ANIMATION ANECDOTES
January 3, 2014 posted by Jim Korkis

Animation Anecdotes #143

The Musical Flintstones. In 1988, The Screaming Blue Messiahs, a punk/new wave rock group, released a single titled “I Wanna Be A Flintstone” (peaking at number 28 on the charts). The music video which ran on MTV featured cartoon clips from the Hanna-Barbera series intercut with scenes of the real band. Another punk rock group, The Dickies, produced Bowling With Bedrock Barney. In the 1985 film documentary Bring on the Night, singer Sting sings the Flintstones theme song – and in Planes, Trains and Automobiles (1987), comedian John Candy led a busload of passengers in the chorus of that famous theme song.

Credit Where Credit Is Due. In animation, sometimes the official credits are incorrect. Jack Hannah only worked on the Hare-cules Hare segments for the animated “Beany and Cecil” but received credit for working on the entire series. Tim Bugard Burgard storyboarded sections of three different episodes of “The Simpsons” but only received onscreen credit for one episode. In the UPA “Dick Tracy” television series, voice artist Mel Blanc did the voice of Mexican stereotype detective Go Go Gomez but only for the pilot episode. Legendary Paul Frees did the voice on the one hundred or so other cartoons yet only Blanc is often credited with doing the voice of the character. Sometimes Clarence “Ducky” Nash who did the voice of Donald Duck gets credit for doing the similar voice for Hanna-Barbera’s Little Quacker (actually Red Coffee) and Yakky Doodle (actually Jimmy Weldon).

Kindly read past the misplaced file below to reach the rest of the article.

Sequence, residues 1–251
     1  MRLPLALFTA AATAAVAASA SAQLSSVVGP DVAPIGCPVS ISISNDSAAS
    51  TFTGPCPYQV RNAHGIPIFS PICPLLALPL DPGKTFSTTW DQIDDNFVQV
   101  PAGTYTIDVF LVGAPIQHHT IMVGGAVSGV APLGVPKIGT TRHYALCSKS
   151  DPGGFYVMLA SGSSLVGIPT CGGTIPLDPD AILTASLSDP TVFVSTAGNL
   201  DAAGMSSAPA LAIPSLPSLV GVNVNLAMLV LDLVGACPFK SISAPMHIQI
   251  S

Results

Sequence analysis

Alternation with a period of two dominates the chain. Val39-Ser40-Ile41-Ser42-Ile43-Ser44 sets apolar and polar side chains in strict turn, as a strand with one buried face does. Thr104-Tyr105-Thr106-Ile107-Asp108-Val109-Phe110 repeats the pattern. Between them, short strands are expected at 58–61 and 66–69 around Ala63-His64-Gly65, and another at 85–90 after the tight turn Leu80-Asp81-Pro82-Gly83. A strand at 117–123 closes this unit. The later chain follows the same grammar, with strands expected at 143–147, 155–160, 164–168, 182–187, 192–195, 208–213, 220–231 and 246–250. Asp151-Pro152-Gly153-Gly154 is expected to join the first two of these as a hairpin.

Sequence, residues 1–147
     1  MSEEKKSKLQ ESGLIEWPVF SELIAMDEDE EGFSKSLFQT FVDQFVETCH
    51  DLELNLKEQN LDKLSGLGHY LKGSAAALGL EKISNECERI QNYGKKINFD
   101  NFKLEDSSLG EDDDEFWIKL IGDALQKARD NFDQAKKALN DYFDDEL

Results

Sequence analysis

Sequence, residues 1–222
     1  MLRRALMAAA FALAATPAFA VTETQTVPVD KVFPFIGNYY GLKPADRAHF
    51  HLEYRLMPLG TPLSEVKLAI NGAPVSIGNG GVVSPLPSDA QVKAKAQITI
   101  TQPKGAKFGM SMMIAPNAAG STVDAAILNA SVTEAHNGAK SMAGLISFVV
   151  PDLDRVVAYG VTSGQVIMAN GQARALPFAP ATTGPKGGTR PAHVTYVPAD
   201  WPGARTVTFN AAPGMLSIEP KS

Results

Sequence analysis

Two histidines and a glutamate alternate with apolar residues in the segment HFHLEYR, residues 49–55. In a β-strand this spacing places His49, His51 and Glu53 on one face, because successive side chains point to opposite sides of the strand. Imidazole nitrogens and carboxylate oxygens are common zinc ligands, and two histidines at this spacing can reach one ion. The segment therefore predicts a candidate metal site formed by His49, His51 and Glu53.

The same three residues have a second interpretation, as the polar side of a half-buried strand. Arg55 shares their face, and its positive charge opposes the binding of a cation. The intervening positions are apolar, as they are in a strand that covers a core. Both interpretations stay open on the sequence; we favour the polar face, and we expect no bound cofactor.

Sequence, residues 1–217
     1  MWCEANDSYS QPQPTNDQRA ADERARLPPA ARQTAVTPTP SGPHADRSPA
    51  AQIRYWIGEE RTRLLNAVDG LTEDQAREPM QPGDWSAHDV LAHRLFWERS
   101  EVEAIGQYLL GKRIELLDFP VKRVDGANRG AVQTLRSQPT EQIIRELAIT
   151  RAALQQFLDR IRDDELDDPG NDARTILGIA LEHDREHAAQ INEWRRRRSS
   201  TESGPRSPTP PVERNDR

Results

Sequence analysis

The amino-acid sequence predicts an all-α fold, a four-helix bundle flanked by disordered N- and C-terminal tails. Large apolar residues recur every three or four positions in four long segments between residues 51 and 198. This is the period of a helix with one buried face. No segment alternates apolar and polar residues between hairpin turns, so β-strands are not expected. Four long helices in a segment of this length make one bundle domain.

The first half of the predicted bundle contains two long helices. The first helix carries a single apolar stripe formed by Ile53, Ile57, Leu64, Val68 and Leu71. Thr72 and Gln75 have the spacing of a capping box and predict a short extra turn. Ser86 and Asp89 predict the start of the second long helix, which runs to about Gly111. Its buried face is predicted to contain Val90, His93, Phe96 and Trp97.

Princess Voices. Actress Jodi Benson, who supplied the voice of the mermaid Ariel in Disney’s animated feature “The Little Mermaid” and its sequel and other related projects, also voiced three other animated princesses: Princess Arabella in “Why Christmas Trees Aren’t Perfect” (1990) and Princess Tula in Hanna-Barbera’s “The Pirates of Dark Water” (1991-1993). Thumbelina with Benson’s voice becomes a fairy princess at the end of the Bluth animated film of the same name. Supposedly the producers of that 1994 film “Thumbelina” generated positive ratings during test screenings by playing the Walt Disney Pictures logo at the beginning, making viewers think they were watching a Disney movie. However, once it was released, it did poorly at the box office and was the only animated feature film to ever win a “Razzie” award, for worst song “Marry the Mole”.